sri lanka forex forex signals

Sri Lanka’s economic crisis

Ordinary Sri Lankans are facing shortages and rising inflation after the country devalued its currency sharply last month in preparation for talks with the International Monetary Fund (IMF) about a loan programme. Anger at Sri Lankan President Gotabaya Rajapaksa’s handling of the island nation’s deepening economic crisis erupted into violence late Thursday, with hundreds of protesters clashing with police for several hours. 

Due to a severe lack of foreign currency, Rajapaksa’s government has been unable to pay for essential imports such as fuel, resulting in debilitating power outages lasting up to 13 hours.

According to critics, the roots of the crisis, the worst in decades, lie in economic mismanagement by successive governments that created and maintained a twin deficit – a budget shortfall as well as a current account deficit. 

With the pandemic eroding the country’s lucrative tourism industry and foreign workers’ remittances, credit rating agencies moved to downgrade Sri Lanka, effectively locking it out of international capital markets. 

As a result, Sri Lanka’s debt management programme, which was dependent on access to those markets, was derailed, and the country’s foreign exchange reserves fell by nearly 70% in two years.

The country had only $2.31 billion in reserves as of February, but it faces debt repayments of around $4 billion in 2022, including a $1 billion international sovereign bond (ISB) maturing in July. At $12.55 billion, ISBs account for the majority of Sri Lanka’s foreign debt, with the Asian Development Bank, Japan, and China among the other major lenders.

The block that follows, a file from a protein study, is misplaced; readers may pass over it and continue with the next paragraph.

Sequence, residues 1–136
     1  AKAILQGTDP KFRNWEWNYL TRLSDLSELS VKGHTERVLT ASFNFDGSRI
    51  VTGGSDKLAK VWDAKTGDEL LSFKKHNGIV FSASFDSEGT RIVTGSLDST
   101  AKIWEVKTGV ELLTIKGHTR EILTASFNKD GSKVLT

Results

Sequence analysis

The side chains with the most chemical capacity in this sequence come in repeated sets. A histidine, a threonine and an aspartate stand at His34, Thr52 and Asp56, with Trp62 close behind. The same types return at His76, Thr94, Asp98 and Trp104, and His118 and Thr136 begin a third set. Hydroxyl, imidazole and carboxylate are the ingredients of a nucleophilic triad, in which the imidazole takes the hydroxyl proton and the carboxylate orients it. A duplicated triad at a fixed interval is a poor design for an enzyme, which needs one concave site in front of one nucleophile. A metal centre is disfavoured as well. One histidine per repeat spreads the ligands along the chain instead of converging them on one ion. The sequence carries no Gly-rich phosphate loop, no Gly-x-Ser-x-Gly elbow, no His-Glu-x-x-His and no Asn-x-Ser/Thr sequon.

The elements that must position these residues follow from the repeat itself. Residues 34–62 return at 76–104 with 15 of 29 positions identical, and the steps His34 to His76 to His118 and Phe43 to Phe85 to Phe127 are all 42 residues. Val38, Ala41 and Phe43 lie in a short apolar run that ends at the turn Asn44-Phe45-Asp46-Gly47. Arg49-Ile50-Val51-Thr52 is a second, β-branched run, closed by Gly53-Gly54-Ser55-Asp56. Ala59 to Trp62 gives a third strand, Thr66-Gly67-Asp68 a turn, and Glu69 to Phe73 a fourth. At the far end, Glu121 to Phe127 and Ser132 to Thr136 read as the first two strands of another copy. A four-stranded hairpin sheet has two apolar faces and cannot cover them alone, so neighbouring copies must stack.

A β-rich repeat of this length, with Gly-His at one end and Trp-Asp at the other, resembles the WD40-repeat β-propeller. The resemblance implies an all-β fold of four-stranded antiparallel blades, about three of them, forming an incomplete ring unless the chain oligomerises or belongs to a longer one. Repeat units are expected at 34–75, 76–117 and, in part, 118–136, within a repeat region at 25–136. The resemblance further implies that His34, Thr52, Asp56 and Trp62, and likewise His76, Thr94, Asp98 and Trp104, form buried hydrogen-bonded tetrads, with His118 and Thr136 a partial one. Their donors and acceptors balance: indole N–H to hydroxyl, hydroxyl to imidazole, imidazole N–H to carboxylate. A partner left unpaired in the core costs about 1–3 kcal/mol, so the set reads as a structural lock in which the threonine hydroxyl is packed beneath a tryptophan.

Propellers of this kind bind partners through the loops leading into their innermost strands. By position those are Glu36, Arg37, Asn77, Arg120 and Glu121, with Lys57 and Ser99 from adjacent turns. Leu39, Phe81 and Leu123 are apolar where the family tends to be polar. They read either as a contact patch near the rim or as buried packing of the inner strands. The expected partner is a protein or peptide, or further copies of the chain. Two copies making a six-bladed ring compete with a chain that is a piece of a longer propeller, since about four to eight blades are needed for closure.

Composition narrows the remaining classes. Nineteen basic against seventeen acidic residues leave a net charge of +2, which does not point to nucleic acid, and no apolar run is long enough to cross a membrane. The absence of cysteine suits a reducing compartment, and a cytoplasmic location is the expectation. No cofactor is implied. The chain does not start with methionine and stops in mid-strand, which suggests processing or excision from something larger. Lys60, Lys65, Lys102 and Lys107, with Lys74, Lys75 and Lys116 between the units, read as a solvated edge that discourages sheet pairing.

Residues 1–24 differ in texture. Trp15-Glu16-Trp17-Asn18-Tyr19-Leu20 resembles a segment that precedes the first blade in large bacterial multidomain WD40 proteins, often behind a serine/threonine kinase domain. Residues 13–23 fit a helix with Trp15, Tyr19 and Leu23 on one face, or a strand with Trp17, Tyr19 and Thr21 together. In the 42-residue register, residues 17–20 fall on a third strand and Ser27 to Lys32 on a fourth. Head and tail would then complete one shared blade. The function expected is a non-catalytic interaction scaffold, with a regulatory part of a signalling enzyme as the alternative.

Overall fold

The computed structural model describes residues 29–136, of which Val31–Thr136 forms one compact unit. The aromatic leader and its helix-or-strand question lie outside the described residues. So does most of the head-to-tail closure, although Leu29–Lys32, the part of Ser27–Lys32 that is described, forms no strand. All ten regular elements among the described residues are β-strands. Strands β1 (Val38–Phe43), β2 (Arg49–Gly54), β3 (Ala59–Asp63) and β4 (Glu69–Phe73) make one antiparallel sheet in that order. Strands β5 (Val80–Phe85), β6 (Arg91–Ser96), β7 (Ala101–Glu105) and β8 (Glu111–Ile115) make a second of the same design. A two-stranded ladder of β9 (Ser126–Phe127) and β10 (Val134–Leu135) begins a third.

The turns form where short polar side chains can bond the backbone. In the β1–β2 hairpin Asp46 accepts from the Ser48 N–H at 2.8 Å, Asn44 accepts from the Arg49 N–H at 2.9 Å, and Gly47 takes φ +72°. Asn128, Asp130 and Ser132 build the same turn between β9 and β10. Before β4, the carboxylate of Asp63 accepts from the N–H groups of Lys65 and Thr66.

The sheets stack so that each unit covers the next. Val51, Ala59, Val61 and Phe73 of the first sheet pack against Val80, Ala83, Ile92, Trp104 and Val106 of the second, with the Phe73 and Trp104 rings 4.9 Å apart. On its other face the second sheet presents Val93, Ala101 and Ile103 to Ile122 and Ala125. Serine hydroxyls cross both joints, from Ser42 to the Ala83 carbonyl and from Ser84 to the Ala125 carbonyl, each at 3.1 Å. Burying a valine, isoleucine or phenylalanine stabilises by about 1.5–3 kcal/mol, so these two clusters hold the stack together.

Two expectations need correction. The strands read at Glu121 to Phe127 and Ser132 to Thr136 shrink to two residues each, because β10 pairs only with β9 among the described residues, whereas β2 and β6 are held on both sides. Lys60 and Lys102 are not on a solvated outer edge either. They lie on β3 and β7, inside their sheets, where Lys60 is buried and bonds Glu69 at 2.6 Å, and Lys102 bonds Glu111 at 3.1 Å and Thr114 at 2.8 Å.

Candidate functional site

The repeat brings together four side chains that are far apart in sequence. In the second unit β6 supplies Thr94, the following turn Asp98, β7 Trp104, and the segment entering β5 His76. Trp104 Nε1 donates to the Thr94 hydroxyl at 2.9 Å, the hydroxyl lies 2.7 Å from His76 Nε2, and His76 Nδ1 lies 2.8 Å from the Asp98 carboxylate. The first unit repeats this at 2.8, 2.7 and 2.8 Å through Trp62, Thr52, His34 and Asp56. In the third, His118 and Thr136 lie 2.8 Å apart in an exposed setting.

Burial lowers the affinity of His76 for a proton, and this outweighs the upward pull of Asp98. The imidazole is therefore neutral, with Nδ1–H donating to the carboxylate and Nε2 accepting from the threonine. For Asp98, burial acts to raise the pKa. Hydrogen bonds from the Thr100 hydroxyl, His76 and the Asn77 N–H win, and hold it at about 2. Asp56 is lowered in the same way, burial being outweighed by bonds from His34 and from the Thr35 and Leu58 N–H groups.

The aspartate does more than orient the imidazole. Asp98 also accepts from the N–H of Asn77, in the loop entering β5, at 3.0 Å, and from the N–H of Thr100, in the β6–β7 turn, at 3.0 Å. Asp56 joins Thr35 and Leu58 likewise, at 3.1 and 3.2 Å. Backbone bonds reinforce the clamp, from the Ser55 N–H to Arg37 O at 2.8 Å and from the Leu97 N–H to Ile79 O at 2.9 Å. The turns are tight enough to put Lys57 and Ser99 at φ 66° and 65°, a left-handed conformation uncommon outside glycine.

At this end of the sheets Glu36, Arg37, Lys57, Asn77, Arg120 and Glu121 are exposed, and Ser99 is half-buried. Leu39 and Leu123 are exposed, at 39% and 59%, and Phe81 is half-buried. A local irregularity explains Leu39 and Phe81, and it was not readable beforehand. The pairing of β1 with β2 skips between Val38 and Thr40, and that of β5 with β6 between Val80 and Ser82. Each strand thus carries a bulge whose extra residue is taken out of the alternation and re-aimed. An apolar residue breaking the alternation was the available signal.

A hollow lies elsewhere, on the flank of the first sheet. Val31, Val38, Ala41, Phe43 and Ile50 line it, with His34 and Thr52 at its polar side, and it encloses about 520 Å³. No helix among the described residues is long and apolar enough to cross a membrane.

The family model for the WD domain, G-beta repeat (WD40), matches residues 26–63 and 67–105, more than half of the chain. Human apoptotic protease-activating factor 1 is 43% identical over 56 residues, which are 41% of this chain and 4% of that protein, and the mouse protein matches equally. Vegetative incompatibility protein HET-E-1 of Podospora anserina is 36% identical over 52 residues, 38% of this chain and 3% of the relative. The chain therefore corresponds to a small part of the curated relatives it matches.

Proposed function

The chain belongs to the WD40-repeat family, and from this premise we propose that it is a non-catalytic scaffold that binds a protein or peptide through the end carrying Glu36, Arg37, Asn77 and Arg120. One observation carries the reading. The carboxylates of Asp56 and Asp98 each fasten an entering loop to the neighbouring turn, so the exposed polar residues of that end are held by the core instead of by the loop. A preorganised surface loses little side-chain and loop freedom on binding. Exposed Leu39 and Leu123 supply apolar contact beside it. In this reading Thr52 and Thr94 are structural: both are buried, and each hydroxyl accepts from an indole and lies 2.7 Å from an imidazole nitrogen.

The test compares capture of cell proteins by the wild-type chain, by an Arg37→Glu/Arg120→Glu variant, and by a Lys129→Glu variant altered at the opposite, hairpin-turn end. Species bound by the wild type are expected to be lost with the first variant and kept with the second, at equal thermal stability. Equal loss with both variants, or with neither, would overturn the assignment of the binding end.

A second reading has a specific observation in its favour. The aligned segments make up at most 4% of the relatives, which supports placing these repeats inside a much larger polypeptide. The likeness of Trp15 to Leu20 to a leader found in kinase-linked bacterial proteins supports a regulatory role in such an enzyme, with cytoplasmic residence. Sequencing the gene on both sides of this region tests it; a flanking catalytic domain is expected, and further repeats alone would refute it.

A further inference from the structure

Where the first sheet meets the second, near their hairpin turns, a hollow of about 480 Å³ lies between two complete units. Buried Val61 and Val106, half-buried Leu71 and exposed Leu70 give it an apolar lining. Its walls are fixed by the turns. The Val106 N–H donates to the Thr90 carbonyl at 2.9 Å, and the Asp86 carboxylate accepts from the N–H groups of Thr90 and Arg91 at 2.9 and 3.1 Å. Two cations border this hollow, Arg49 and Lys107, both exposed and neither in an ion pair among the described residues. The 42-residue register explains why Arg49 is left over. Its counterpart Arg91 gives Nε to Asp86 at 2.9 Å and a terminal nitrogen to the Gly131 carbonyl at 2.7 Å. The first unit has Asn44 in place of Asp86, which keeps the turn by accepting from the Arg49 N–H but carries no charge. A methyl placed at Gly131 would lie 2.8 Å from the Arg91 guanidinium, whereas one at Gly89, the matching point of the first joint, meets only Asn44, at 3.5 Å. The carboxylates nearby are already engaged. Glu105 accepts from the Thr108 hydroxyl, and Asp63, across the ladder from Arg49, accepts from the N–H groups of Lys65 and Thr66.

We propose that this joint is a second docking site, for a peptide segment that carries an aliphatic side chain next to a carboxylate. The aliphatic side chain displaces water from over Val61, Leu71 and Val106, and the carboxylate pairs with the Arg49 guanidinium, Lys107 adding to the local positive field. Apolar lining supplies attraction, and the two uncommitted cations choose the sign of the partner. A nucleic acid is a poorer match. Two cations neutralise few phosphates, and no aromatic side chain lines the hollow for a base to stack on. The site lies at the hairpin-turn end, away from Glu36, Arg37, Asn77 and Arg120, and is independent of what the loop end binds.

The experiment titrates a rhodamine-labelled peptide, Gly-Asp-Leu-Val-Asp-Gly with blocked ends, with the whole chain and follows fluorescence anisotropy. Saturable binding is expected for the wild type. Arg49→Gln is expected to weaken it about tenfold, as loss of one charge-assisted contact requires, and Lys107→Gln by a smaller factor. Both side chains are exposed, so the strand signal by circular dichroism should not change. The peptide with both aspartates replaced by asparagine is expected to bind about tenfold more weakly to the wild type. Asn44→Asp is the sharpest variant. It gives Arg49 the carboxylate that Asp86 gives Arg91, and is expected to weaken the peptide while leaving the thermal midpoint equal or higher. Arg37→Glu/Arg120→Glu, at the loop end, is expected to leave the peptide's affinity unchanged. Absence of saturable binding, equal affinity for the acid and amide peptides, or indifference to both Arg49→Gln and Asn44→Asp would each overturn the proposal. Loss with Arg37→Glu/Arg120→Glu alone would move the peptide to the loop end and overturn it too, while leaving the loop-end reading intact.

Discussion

The IMF stated in a recent review of the country’s economy that public debt had reached “unsustainable levels” and that foreign exchange reserves were insufficient for near-term debt payments. 

The Rajapaksa administration’s decision to ban all chemical fertilisers in 2021, which was later reversed, also harmed the country’s farm sector and caused a drop in the critical rice crop.

Citi Research stated in a note late last month that “the IMF report’s conclusion and the government’s recent measures were insufficient to restore debt sustainability, strongly indicating the need for debt restructuring.” 

An IMF spokesman said on Thursday that the IMF will begin discussions with Sri Lankan authorities on a possible loan programme in the “coming days.” 

Despite rising risks, Rajapaksa’s administration and the Central Bank of Sri Lanka (CBSL) have resisted calls from experts and opposition leaders to seek IMF assistance for months. However, after oil prices skyrocketed in the aftermath of Russia’s invasion of Ukraine in late February, the government eventually devised a strategy to approach the IMF in April.

Before approaching the IMF, Sri Lanka devalued its currency sharply, escalating inflation and exacerbating the public’s suffering, with many people facing hardship and long lines. 

In the meantime, Rajapaksa has sought assistance from China and India, particularly from the latter for fuel. On Saturday, a diesel shipment under a $500 million credit line signed with India in February is expected to arrive. 

Sri Lanka and India have agreed to a $1 billion credit line for the import of necessities such as food and medicine, and the Rajapaksa administration has requested at least another $1 billion from New Delhi.

China is considering offering the island nation a $1.5 billion credit facility and a separate loan of up to $1 billion after providing the CBSL with a $1.5 billion swap and a $1.3 billion syndicated loan to the government.

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